Concerns over plan to increase number of NJ liquor licenses

New Jersey Gov. Phil Murphy says he wants to expand the number of liquor licenses in the state and eventually get rid of limits.  That is concerning to people who have spent upwards of $1,000,000 to buy a license.

The NJ Restaurant & Hospitality Association is following the issue closely.

Dana Lancellotti is the President and CEO of the group.

"A lot of investors are nervous, "Lacellotti says.

Liquor licenses are currently capped by a locality's population.  There can be one liquor license per 3,000 residents in the municipality.  It has made the value of the licenses, which can be resold on the open market, soar in value.

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At his state of the state address, Murphy called the rules "antiquated and confusing" and a hindrance for businesses that don't have them.

"It has obviously been a long, long-standing issue," Lancellotti says.  "It's a messed up system."

Murphy wants to relax and eventually end current restrictions.  He suggests providing a tax credit to businesses that have already invested in a license of their own since they would become worthless.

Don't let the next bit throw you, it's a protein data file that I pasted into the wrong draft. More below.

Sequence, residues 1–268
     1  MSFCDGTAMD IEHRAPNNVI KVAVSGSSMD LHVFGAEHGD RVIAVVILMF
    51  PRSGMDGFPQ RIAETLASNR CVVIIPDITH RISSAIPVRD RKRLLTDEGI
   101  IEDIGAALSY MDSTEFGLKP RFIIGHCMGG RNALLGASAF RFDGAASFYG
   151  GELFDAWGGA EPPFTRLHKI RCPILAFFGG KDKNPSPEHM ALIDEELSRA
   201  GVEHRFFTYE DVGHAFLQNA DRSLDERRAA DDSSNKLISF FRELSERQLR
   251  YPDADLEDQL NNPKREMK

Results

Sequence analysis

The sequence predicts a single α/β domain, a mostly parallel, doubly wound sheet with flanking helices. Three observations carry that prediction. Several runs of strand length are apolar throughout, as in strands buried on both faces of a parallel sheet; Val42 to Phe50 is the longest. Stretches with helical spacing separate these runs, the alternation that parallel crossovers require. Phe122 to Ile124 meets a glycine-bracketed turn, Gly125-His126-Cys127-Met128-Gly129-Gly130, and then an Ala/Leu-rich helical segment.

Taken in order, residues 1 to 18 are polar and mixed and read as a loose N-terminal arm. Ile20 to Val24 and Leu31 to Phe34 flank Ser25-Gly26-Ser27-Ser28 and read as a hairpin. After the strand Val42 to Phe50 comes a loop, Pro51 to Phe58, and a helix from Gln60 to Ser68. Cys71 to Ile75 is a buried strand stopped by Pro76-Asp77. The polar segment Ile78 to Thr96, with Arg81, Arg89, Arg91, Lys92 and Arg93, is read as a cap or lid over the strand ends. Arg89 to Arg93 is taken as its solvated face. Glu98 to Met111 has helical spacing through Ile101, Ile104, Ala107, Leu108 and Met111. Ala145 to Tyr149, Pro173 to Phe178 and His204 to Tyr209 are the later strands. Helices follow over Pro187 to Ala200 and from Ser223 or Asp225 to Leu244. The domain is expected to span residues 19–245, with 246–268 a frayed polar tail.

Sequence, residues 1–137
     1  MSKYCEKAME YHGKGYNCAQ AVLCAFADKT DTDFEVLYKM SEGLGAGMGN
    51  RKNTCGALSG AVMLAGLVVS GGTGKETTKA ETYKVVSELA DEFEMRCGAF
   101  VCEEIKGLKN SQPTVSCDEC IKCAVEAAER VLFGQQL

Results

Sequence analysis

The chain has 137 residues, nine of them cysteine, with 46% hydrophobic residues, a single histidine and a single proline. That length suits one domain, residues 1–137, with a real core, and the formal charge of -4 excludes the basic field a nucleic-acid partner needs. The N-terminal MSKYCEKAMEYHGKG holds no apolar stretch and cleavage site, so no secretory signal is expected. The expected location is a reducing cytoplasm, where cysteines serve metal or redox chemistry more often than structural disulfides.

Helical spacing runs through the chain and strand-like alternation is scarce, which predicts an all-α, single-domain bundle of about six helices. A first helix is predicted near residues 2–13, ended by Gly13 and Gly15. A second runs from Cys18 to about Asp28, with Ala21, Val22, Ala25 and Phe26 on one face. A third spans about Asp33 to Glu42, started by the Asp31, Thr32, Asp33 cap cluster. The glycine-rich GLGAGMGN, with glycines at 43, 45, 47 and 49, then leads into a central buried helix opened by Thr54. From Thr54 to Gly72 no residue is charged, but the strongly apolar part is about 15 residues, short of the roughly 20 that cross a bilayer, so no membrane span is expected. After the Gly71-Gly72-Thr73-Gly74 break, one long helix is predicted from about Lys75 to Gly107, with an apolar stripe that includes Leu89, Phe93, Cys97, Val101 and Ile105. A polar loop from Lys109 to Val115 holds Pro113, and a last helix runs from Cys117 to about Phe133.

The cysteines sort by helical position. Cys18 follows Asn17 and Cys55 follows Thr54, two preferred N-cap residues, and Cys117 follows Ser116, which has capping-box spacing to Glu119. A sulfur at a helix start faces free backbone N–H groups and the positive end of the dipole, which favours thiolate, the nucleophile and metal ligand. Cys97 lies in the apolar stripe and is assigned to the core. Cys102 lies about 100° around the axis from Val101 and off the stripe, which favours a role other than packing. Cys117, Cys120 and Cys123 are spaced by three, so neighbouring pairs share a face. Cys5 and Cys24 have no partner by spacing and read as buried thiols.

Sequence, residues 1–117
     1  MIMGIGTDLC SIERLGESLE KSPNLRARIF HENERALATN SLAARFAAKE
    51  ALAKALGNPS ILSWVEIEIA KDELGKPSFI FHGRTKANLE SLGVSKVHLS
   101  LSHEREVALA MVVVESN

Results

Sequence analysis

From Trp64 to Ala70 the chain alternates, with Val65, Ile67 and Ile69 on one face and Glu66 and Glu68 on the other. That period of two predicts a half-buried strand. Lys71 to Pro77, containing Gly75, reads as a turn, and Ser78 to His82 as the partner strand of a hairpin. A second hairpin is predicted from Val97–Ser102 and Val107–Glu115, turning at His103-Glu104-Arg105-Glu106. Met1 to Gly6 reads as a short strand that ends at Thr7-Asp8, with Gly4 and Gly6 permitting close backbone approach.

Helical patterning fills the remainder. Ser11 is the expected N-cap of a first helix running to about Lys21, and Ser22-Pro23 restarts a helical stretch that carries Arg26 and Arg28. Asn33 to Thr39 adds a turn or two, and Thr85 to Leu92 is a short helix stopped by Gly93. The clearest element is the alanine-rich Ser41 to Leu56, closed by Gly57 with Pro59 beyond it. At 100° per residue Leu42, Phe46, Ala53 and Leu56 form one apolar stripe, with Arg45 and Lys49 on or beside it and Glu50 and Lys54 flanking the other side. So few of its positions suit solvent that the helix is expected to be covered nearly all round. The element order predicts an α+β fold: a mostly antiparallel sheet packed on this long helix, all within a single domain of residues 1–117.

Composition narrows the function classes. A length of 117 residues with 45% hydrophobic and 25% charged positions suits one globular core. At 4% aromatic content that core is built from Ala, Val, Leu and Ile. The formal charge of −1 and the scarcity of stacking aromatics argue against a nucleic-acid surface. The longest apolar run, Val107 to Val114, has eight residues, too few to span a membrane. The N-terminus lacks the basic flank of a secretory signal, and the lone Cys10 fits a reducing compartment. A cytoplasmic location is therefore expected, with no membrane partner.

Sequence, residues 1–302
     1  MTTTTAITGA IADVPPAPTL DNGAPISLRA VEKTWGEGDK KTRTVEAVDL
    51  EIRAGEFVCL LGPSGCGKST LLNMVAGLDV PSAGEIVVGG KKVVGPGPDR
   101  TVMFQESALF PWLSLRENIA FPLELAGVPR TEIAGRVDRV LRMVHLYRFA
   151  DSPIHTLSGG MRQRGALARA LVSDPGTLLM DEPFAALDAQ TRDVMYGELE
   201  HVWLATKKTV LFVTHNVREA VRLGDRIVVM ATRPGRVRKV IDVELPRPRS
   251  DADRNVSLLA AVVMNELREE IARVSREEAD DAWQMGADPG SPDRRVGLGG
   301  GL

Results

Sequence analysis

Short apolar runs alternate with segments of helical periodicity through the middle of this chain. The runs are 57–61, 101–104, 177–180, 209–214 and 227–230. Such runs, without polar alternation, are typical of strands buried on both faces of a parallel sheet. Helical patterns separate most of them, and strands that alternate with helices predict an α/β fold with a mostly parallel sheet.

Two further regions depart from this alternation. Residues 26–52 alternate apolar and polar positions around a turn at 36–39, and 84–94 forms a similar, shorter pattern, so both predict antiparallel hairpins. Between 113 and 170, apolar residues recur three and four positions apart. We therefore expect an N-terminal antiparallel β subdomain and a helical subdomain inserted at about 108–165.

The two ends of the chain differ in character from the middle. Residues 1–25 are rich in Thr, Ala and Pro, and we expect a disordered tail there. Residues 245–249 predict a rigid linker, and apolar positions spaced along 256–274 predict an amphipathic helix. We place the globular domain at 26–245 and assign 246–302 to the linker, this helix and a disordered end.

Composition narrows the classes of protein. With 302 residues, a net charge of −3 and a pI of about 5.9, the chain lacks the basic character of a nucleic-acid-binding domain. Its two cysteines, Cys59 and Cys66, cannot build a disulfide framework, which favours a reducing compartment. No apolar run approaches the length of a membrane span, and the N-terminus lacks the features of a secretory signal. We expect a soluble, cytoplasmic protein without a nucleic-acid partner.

"The old rules have purposely created market scarcity and driven up costs to the point where a liquor license can draw seven figures," Murphy said.  "For many small, independent restaurateurs...that’s just too high a price to pay."

But Lancellotti says the industry needs to see more details.

"Overnight people could be losing a tremendous amount of their investment," Lancellotti says.

The governor claims that ending the license limit could generate up to $10 billion in new economic activity over 10 years.  He also claims that it could create upwards of 10,000 jobs annually.

Murphy also wants to change what he calls "outdated licensing and operating restrictions" on breweries and distilleries.  Among the things they can't do right now is to serve food.  That rule was put in place to protect restaurants that have liquor licenses to avoid competition.